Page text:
If Inequality Continues to Grow at Current Rate, Richest Americans Will Own 100% of US Wealth in 33 Years: Analysis

Jake Johnson Staff Writer, Common Dreams

If wealth inequality in the United States continues to soar at its current rate, the top 10 percent of Americans could own 100 percent of the nation's net worth by 2052.

That's according to an analysis by Dallas Morning News finance columnist Scott Burns, who wrote Sunday that the wealthiest Americans "will truly 'have it all' just 33 years from now."


"If they continue to gain share at that rate," Burns added, "they'll have the remaining 22.8 percent of net worth held by the other 90 percent in just 12 more surveys, give or take an upheaval or two.""However you slice it, the rich have been getting richer. Lots richer," wrote Burns, citing Federal Reserve data. "Here are the basics. From 2013 to 2016, the top 10 percent of households increased their share of total wealth from an amazing 75.3 percent to a stunning 77.2 percent. That's a share gain of 1.87 percent in just three years."

Burns's analysis is just the latest evidence that wealth inequality in the United States, juiced by President Donald Trump's massive tax cuts for the rich, is reaching unprecedented heights.

In February, University of California, Berkeley economist Gabriel Zucman published research showing the top 0.00025 percent—just 400 Americans—owns more wealth than the bottom 150 million Americans.

As Common Dreams reported in June, Matt Bruenig, founder of the left-wing think tank People's Policy Project, pointed to Federal Reserve data to show that the bottom half of Americans lost $900 billion in wealth between 1989 and 2018.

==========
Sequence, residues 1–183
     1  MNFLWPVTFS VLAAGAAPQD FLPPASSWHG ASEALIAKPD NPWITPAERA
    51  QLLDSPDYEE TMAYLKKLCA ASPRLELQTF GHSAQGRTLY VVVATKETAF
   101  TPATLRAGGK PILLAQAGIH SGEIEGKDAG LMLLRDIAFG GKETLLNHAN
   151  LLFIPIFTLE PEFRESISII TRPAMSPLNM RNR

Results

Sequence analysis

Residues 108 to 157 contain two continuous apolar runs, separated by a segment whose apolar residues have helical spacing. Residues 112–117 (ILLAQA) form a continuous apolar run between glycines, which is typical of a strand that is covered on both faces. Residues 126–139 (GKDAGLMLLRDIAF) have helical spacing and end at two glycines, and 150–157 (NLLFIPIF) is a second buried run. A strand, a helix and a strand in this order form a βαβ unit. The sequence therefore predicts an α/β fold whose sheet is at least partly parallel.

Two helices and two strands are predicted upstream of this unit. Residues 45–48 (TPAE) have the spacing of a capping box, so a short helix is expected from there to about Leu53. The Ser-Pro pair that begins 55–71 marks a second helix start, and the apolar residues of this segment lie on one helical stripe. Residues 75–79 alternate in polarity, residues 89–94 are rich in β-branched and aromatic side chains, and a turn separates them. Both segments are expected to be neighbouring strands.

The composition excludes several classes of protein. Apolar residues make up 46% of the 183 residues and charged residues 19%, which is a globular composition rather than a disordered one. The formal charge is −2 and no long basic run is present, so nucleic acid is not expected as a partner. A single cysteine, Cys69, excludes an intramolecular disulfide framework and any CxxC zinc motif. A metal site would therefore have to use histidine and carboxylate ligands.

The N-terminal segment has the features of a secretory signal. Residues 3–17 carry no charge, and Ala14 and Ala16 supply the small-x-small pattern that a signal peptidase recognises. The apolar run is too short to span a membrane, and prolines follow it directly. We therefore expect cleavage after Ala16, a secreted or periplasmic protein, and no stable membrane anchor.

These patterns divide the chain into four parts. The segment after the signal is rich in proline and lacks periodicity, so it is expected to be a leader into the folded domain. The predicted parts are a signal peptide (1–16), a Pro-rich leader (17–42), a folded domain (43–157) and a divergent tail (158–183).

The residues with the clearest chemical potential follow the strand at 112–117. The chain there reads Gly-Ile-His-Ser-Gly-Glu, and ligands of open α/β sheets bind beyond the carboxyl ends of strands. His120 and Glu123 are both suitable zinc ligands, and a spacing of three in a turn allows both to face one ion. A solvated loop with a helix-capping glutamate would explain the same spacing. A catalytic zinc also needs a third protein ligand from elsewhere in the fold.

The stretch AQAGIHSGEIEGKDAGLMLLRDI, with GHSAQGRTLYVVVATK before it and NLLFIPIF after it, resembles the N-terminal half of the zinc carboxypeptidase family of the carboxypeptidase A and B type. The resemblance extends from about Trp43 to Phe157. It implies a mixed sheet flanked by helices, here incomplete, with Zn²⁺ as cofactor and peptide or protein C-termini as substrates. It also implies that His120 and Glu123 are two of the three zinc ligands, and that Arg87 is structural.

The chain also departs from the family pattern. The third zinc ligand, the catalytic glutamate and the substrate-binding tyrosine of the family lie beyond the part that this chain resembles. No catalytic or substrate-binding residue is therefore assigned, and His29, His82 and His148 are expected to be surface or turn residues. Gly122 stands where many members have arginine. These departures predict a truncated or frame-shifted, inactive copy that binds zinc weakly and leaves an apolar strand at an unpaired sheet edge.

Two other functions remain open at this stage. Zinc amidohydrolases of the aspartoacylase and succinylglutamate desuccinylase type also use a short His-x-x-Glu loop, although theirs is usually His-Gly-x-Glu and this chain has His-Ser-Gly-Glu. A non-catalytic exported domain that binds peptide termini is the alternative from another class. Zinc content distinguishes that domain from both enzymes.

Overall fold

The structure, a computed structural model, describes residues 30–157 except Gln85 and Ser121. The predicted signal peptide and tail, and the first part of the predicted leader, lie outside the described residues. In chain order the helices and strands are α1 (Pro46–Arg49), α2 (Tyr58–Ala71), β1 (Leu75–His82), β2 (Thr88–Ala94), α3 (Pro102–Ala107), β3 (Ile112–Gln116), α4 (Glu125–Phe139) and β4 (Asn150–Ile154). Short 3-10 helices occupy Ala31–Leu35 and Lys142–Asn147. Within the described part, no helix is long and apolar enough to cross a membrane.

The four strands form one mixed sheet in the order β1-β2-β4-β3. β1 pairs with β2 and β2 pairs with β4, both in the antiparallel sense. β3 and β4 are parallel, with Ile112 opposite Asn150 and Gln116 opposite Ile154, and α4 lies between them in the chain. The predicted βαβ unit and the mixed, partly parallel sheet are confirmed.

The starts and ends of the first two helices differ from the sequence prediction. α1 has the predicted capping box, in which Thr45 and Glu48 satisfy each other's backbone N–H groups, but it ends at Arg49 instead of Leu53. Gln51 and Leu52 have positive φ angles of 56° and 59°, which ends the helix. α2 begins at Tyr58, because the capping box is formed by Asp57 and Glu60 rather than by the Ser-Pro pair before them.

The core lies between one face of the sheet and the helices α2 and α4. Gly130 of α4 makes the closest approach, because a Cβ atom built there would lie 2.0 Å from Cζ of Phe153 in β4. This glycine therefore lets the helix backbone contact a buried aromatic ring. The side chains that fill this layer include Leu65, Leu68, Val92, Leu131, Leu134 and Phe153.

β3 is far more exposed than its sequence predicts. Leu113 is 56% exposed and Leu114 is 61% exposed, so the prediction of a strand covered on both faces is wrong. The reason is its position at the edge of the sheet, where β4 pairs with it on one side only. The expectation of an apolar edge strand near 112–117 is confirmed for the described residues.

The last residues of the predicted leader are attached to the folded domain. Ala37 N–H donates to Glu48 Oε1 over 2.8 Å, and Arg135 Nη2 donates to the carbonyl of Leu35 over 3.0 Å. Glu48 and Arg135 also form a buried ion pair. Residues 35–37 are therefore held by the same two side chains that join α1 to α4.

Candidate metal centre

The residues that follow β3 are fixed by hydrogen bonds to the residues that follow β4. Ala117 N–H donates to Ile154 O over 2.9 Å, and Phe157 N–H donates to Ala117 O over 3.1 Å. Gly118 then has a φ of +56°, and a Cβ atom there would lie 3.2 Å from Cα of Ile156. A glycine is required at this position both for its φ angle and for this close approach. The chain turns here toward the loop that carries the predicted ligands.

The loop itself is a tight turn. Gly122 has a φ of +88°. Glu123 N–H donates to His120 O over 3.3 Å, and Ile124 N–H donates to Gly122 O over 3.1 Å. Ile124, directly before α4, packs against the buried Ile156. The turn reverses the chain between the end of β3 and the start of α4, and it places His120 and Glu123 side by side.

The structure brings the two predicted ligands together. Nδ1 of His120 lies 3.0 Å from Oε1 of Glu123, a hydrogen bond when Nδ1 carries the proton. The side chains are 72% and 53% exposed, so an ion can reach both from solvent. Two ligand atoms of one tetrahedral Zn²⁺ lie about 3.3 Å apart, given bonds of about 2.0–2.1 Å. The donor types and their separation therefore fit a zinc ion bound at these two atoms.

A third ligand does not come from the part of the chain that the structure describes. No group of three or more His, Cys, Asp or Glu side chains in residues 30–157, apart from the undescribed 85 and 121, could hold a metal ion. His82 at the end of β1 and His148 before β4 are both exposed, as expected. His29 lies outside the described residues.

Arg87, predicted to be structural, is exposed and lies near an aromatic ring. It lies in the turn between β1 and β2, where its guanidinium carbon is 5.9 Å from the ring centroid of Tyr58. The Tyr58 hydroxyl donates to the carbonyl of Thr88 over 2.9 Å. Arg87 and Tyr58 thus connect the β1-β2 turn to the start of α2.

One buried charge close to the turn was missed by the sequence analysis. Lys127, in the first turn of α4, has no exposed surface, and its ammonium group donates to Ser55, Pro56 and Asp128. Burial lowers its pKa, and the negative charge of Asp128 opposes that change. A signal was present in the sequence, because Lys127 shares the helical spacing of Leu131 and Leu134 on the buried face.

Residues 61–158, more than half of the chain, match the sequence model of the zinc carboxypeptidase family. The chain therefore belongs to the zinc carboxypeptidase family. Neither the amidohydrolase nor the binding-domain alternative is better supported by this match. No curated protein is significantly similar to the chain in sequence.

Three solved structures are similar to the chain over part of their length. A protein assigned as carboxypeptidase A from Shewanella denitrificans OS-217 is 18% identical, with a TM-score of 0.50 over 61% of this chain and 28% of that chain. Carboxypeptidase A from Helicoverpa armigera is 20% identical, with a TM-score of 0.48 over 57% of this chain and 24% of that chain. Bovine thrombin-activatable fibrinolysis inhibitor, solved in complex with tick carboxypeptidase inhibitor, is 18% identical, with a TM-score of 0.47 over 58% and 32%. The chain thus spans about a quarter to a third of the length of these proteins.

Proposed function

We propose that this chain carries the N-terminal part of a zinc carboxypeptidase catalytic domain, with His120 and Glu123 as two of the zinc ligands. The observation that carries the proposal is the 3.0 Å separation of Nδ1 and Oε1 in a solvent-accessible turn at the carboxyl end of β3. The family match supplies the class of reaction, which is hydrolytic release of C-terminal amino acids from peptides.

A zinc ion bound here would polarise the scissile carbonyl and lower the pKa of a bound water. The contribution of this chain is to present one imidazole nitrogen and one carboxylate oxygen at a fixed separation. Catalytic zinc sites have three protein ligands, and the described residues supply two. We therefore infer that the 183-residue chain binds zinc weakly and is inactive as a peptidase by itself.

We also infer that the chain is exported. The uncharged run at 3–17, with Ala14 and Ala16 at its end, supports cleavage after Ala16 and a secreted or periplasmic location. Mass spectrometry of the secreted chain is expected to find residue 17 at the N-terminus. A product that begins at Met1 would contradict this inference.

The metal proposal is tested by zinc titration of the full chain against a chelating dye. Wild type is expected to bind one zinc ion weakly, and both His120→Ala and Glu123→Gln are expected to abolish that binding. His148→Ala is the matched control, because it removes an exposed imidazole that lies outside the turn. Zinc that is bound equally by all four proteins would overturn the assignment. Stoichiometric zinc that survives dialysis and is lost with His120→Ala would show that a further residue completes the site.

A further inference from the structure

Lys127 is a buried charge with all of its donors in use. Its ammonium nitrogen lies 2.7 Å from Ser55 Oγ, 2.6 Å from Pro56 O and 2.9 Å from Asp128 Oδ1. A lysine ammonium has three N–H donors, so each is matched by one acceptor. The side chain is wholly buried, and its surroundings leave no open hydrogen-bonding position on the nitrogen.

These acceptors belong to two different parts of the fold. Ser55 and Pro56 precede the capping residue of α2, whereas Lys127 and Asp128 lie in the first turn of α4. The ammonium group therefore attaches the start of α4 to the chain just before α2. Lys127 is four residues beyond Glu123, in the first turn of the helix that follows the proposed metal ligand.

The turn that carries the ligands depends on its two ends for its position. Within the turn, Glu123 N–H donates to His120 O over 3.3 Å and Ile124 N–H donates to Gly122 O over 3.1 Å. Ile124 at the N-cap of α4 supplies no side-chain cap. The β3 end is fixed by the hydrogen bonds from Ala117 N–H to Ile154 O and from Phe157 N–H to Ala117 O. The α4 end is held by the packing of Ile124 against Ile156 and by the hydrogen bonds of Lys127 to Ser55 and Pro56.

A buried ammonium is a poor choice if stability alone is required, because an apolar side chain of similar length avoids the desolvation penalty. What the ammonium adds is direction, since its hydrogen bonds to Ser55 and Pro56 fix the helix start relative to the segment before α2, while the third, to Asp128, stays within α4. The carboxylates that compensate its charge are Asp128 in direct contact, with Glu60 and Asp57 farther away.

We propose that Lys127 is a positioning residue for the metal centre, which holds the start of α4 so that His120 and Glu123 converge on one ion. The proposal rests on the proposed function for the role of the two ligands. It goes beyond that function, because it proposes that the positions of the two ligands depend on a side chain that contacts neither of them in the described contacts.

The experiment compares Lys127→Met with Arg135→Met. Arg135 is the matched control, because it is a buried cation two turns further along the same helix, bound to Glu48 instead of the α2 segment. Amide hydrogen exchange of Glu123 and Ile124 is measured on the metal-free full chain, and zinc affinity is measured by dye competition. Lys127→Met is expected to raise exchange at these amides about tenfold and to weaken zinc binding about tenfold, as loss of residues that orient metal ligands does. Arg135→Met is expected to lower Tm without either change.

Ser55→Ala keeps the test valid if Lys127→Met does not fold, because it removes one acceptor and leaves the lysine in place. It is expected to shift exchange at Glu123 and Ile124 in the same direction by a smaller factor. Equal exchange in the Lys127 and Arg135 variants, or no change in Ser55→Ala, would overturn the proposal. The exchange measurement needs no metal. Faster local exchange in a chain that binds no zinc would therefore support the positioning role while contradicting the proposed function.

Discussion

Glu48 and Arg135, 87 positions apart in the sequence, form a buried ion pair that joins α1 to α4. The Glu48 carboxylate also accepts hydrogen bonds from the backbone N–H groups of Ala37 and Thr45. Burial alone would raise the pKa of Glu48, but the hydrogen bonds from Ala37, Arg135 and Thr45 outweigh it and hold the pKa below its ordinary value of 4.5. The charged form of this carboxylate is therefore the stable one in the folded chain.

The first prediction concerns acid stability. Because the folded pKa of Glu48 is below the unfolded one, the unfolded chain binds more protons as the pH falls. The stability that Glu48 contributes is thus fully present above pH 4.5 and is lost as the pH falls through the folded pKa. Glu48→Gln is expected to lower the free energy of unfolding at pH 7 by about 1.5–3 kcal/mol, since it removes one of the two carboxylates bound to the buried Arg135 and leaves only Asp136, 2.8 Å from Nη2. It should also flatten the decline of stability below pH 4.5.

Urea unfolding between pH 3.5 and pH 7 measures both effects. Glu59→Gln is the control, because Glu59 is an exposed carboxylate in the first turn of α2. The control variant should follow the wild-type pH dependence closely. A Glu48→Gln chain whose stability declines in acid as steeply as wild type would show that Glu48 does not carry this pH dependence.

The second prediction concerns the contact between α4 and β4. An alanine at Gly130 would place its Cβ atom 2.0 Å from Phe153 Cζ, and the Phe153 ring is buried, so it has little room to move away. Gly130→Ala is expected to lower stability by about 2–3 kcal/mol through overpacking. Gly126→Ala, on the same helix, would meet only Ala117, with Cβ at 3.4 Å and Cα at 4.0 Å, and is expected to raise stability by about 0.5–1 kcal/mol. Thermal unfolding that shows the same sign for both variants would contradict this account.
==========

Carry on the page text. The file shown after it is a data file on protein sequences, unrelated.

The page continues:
Over that same period, Bruenig found, "the top one percent increased its total net worth by $21 trillion."

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Reposted from Common Dreams

Posted In: Allied Approaches

Union Matters

Get to Know AFL-CIO's Affiliates: National Association of Letter Carriers

From the AFL-CIO

Next up in our series that takes a deeper look at each of our affiliates is the National Association of Letter Carriers.

Name of Union: National Association of Letter Carriers (NALC)

Mission: To unite fraternally all city letter carriers employed by the U.S. Postal Service for their mutual benefit; to obtain and secure rights as employees of the USPS and to strive at all times to promote the safety and the welfare of every member; to strive for the constant improvement of the Postal Service; and for other purposes. NALC is a single-craft union and is the sole collective-bargaining agent for city letter carriers.

Current Leadership of Union: Fredric V. Rolando serves as president of NALC, after being sworn in as the union's 18th president in 2009. Rolando began his career as a letter carrier in 1978 in South Miami before moving to Sarasota in 1984. He was elected president of Branch 2148 in 1988 and served in that role until 1999. In the ensuing years, he worked in various roles for NALC before winning his election as a national officer in 2002, when he was elected director of city delivery. In 2006, he won election as executive vice president. Rolando was re-elected as NALC president in 2010, 2014 and 2018.

Brian Renfroe serves as executive vice president, Lew Drass as vice president, Nicole Rhine as secretary-treasurer, Paul Barner as assistant secretary-treasurer, Christopher Jackson as director of city delivery, Manuel L. Peralta Jr. as director of safety and health, Dan Toth as director of retired members, Stephanie Stewart as director of the Health Benefit Plan and James W. “Jim” Yates as director of life insurance.

Number of Members: 291,000 active and retired letter carriers.

Members Work As: City letter carriers.

Industries Represented: The United States Postal Service.

History: In 1794, the first letter carriers were appointed by Congress as the implementation of the new U.S. Constitution was being put into effect. By the time of the Civil War, free delivery of city mail was established and letter carriers successfully concluded a campaign for the eight-hour workday in 1888. The next year, letter carriers came together in Milwaukee and the National Association of Letter Carriers was formed.

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There is Dignity in All Work

There is Dignity in All Work